Review:

"The Hummingbird's Daughter breathes with life, populated with multiple, complex and genuinely individual characters.... It is an immensely entertaining work that is intelligently and sympathetically told.... [A] classic, a tribute and love song to the colorful and vibrant heart of all things Mexican." The San Francisco Chronicle

Review:

"To the very end, The Hummingbird's Daughter is a book of surprises and savory treasures." Washington Post

Review:

"A beautifully composed novel....[T]hat constantly stirs a reader's own sense of wonder." Chicago Tribune

Review:

"The Hummingbird's Daughter is nothing short of miraculous....The story of the saint is told with such love and care that it will make a believer out of anyone." Oregonian

Review:

"[Urrea] has rendered a literary gem that does more than soar. It transcends." Chicago Sun-Times

About the Author

Luis Alberto Urrea is the recipient of a Lannan Literary Award, an American Book Award, a Western States Book Award, and a Colorado Book Award, and has been inducted into the Latino Literary Hall of Fame. He lives in Chicago.

What Our Readers Are Saying

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Average customer rating based on 5 comments:

Julie Wheat, January 2, 2013 (view all comments by Julie Wheat)
I thoroughly enjoyed this book. The characters were all well developed. The author articulates an underlying sense of humor in this dramatic, historical novel. I felt I was right there, living & experiencing life, struggles and the rewards of these Mexican people.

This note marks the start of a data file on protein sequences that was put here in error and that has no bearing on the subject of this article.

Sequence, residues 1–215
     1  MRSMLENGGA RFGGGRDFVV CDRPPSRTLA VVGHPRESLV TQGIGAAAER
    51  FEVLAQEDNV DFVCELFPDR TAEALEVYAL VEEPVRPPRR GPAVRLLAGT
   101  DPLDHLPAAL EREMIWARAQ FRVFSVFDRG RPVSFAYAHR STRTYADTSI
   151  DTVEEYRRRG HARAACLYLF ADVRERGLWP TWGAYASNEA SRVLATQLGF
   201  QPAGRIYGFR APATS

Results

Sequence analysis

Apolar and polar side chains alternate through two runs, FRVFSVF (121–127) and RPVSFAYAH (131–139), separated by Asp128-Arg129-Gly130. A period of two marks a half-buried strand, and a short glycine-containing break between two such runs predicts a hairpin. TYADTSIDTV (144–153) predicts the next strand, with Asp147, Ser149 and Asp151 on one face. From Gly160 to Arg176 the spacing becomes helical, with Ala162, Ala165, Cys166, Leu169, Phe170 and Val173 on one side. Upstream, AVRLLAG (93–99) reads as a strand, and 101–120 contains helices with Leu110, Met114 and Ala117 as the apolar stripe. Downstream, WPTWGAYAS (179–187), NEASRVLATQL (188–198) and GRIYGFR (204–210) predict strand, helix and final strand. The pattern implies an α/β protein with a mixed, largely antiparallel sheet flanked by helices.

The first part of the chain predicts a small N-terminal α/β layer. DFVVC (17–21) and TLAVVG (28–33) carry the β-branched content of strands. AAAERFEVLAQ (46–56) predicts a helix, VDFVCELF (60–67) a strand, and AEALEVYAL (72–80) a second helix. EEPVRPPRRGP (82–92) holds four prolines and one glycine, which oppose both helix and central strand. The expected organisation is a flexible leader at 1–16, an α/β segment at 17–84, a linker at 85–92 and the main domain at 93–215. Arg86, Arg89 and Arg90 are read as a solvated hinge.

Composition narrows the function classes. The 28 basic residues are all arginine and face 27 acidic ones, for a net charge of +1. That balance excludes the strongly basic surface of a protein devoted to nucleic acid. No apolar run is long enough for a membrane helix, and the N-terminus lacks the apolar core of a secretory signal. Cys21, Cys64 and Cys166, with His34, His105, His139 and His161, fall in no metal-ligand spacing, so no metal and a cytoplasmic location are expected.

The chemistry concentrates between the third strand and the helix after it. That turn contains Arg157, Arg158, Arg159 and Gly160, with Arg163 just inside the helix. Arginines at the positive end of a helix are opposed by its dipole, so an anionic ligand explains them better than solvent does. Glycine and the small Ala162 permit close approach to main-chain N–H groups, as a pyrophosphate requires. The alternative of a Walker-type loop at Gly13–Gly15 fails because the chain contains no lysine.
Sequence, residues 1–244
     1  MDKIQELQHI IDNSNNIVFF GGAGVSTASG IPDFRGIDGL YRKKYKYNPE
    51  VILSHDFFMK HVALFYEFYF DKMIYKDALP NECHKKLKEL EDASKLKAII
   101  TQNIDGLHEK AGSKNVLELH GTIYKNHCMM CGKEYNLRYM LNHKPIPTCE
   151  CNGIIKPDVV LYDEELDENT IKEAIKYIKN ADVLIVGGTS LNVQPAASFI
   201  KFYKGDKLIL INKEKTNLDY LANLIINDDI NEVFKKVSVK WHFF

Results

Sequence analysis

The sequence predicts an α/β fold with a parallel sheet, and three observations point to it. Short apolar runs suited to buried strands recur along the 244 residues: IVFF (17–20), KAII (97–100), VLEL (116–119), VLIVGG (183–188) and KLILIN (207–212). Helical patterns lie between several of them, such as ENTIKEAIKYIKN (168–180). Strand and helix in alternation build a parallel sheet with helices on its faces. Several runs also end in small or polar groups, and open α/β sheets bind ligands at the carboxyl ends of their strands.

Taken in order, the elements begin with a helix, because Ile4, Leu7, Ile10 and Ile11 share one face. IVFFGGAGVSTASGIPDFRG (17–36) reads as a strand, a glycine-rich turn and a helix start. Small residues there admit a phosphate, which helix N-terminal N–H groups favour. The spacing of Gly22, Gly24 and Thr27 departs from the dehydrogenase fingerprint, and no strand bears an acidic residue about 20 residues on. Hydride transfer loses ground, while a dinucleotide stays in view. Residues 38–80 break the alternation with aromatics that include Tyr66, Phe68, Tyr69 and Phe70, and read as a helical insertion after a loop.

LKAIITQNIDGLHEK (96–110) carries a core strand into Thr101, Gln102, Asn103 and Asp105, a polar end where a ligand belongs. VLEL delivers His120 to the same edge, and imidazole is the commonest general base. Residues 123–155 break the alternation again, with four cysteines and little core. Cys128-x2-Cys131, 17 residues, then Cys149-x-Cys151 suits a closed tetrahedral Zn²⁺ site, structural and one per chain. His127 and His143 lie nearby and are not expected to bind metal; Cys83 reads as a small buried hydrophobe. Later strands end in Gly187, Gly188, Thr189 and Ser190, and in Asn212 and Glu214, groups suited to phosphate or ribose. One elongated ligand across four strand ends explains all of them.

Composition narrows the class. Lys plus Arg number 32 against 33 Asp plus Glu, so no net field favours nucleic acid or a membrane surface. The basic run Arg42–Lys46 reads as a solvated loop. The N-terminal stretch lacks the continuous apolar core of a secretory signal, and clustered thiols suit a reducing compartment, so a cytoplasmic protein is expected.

Was this comment helpful? | Yes | No
alana francis, January 1, 2011 (view all comments by alana francis)
Beautifully written combining a sense of magic and realism in a great story.
Was this comment helpful? | Yes | No
(1 of 3 readers found this comment helpful)
crs5t, January 4, 2010 (view all comments by crs5t)
This book is an absolute pleasure to read. If you ever have the chance to attend a reading from Luis Alberto Urrea, don't miss it because his readings are unlike any others that I've experienced. It wasn't so much a reading as a performance, and if you weren't in love with the novel already before the reading, then you will be after.
Was this comment helpful? | Yes | No
(2 of 5 readers found this comment helpful)
View all 5 comments

Product Details

ISBN:
9780316154529
Author:
Urrea, Luis Alberto
Publisher:
Back Bay Books
Subject:
Historical - General
Subject:
Literature-A to Z
Subject:
Historical
Copyright:
Publication Date:
20060403
Binding:
Paperback
Language:
English
Pages:
528
Dimensions:
8.30x5.58x1.42 in. 1.04 lbs.

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Related Subjects


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The Hummingbird's Daughter Used Trade Paper
0 stars - 0 reviews
$10.50 In Stock
Product details 528 pages Back Bay Books - English 9780316154529 Reviews: